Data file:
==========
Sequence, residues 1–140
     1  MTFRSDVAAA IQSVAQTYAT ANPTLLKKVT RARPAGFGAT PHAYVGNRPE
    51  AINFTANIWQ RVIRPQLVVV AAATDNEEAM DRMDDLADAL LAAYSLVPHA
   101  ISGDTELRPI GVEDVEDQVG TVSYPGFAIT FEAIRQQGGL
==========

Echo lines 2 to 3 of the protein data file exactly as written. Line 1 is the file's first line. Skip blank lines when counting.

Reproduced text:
     1  MTFRSDVAAA IQSVAQTYAT ANPTLLKKVT RARPAGFGAT PHAYVGNRPE
    51  AINFTANIWQ RVIRPQLVVV AAATDNEEAM DRMDDLADAL LAAYSLVPHA